How it began
My interest in computers started in the mid 1970s with the early ‘micro’ computers, the Commodore PET and the Apple II. I remember coding a Pacman-like game with extended ASCII characters and writing a graphical fill algorithm in Assembler for the BBC micro.
Chance gave me many opportunities to be involved in some of the early developments of interactive multimedia and online learning with the Scottish and Northern Ireland governments, and with the BBC. I went on to set up my own company and work for a range of organisations in both the public and private sectors, doing consultancy, project management, software, and architectural design.
The bigger picture
At Scott Logic I am a Technical Architect, which as a title has many permutations, however I am lucky that this allows me to be a general technical specialist with an endless interest in cutting edge technology, a creative passion for solving problems and a drive for simplicity. What does that mean day to day? Well, a common view of technical architects – and I’ve met a few who fit this description – is that they’re people who stay one step away from coding and spend most of their time talking ‘enterprise architecture’-speak and drawing architectural diagrams. In the worst cases they are seen as being so detached from both the code and the customer that their designs are neither desirable nor deliverable.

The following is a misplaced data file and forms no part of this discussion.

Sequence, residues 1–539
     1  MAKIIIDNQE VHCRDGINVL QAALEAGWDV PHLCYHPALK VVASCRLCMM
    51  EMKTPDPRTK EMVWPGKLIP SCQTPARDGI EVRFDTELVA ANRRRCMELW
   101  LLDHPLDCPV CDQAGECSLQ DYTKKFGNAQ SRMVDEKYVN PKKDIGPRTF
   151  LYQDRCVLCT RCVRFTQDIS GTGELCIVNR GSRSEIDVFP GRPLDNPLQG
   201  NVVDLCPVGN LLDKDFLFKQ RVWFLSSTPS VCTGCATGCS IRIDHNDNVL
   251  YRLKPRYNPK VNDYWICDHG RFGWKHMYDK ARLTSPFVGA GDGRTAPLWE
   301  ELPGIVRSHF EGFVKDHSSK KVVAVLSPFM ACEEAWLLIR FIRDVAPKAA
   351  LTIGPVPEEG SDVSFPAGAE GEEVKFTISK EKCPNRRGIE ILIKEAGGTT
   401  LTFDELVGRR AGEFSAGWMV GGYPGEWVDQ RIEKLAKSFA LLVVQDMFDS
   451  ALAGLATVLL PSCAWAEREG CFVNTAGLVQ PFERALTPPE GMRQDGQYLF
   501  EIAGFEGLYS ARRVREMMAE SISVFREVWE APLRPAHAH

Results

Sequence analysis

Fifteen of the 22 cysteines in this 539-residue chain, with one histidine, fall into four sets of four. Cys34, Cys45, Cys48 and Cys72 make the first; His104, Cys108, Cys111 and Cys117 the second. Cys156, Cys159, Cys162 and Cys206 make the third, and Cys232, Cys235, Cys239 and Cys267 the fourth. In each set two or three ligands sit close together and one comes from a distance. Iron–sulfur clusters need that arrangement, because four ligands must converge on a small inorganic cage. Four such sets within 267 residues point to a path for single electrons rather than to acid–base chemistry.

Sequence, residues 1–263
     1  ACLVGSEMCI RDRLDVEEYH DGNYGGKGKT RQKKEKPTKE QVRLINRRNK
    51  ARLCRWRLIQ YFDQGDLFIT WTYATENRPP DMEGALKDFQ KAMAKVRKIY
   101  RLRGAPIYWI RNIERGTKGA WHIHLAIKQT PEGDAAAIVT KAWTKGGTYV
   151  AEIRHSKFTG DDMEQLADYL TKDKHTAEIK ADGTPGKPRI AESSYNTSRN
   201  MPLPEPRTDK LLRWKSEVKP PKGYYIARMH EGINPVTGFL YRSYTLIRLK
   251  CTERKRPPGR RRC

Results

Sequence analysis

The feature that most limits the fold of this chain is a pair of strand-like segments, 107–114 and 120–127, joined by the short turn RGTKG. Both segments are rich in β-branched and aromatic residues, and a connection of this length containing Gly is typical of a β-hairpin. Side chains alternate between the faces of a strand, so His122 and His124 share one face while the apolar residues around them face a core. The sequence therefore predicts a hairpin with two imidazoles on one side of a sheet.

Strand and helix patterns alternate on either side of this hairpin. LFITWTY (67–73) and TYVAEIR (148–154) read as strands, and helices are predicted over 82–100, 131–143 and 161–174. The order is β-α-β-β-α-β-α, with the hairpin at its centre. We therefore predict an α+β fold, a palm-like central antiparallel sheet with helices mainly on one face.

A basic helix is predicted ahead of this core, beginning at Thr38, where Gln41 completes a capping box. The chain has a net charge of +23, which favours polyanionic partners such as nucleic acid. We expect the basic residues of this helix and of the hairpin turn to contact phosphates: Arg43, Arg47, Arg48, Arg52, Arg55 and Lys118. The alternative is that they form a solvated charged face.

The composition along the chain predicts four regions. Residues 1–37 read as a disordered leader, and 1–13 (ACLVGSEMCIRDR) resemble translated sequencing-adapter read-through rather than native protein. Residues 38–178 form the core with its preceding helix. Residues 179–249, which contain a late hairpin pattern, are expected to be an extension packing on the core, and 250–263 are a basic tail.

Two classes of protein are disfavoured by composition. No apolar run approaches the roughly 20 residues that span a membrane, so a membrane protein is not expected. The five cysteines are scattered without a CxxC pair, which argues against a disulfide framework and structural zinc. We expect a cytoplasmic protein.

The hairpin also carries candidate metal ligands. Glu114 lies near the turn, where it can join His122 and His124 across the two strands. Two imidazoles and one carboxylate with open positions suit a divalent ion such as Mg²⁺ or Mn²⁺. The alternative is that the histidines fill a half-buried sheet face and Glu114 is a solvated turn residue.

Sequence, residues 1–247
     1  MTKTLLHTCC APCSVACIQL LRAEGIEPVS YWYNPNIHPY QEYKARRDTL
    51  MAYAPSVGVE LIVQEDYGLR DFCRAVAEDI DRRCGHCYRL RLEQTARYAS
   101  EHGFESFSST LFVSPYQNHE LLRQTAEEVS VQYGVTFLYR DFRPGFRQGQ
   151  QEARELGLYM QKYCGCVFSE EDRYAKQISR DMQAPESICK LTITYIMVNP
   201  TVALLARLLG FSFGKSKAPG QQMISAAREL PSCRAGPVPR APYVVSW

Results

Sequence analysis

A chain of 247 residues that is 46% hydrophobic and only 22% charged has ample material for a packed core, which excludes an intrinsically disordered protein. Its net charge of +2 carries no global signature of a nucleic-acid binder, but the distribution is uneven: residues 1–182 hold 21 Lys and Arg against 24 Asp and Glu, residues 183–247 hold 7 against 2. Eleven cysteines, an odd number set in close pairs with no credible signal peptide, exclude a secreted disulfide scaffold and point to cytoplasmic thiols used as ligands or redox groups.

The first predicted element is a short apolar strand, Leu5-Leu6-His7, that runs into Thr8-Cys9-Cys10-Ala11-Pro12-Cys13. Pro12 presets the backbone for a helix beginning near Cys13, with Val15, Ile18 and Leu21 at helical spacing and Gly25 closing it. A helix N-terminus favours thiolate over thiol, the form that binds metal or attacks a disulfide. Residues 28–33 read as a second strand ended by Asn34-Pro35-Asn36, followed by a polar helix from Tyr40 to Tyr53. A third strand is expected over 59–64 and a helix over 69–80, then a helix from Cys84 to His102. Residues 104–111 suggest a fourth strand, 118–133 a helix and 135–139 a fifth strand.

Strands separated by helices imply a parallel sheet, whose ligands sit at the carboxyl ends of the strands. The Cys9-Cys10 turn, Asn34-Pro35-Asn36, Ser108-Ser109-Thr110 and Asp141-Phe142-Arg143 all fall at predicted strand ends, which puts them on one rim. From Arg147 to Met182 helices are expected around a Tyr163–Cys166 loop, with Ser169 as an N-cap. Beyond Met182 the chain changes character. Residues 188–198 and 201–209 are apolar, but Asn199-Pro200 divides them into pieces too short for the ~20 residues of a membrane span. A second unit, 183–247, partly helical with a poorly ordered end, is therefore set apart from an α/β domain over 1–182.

By contrast, I focus on a number of technical areas but also look at the big picture and how all these pieces come together, and I confess that I do like drawing diagrams! My current interests include the programming languages Scala and Rust, big data and streaming functional reactive processing, and DevOps automated container deployments.
In the bigger ‘systems thinking’ picture I’m interested in the interaction between the structure and effectiveness of the end product, and that of the software and the team that produced it. The perfect system for me is the simplest one that’s designed to both meet the needs of end users and the developers’ capabilities.
Keeping things interesting
Scott Logic is a great place for someone with an overactive mind such as myself. There are lots of projects with lots of clients, and lots of new technology. It’s hard for most companies to both retain staff, and keep up to date with technology, which we manage by providing our clients with the skills for digital transformation that keep our lives as technologists interesting.
Read more software stories here, or visit our careers blog here.